Gaps in couches and chairs frequently accumulate unwanted dirt and germs. It is very good to get into a habit of cleaning from the openings to minimise dirt in the house. Utilizing a more compact vacuum cleaner can help suction out dust and grime hiding in the cracks of this couch. Best top: assess before to make certain you don't vacuum up some bigger things that could get trapped inside the pipe.

10 top tips for preparing your home for a newborn
Don't Forget to Assign.

Get family and friends that will assist you tidy up the house prepared for the birth of your baby. Delegating to other people will provide you the chance to rest, while also making sure that the tasks in your home do it.

A Practical Lifestyle Blog

A Practical Lifestyle Blog
Get the fundamentals set up.

In fact you do not have to do a lot of around the house to ensure it is safe for the newborn infant. After all it is likely to be a long time before they are crawling around! And be certain that the baby's space is organized. Your freezer is going to be a life-saver when your baby comes. Make sure it's well stocked with yummy, home-cooked food at the same time you've got the opportunity. Prepare some casseroles or any other healthy, filling foods which it is simple to defrost, heat and consume. You will thank yourself for this following a hectic day searching after your infant!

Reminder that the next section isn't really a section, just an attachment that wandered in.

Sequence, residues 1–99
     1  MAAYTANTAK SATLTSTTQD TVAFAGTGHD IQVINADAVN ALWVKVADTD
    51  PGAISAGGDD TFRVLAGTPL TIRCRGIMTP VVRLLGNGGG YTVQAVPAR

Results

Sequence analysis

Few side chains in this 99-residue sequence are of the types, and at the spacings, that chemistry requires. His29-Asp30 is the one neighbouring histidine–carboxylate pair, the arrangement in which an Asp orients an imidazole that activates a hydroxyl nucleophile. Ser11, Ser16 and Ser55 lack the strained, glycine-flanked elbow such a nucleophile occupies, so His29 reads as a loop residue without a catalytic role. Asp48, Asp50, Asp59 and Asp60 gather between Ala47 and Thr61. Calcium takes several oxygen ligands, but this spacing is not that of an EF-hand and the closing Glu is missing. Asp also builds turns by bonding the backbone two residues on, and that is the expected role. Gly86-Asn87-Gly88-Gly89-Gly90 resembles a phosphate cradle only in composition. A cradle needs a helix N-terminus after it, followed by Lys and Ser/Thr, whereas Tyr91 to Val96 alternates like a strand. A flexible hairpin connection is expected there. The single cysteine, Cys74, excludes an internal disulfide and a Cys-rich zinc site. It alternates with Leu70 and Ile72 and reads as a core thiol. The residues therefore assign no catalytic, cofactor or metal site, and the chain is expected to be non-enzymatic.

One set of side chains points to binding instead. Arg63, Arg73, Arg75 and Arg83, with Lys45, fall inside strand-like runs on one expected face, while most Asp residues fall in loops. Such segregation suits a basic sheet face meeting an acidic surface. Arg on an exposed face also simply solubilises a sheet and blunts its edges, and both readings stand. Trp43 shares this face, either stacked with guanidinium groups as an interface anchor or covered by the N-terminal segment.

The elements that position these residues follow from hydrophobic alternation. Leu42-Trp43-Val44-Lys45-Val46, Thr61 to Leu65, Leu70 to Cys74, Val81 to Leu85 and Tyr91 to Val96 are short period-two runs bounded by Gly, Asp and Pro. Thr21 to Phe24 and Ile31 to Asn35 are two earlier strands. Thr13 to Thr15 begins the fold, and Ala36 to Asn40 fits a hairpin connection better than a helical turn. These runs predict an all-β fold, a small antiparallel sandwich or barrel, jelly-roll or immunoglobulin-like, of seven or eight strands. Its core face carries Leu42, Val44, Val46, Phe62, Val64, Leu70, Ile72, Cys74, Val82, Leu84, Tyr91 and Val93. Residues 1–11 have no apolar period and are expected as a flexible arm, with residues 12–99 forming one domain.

Do not forget the car seat!

Most physicians will not release your infant if you don't have an automobile seat. So be sure that you purchase one beforehand -- which you and your spouse understand how to match it. Recall to unwind! If your mum arrives to stay, let's make a fuss of you. And abandon the sanity for her along with your spouse. An infinite stream of excited people could be overwhelming to you and your toddler, so perhaps indicate a few folks wait a week or so prior to popping around. Meanwhile, catch as much rest as possible and love getting to know your infant!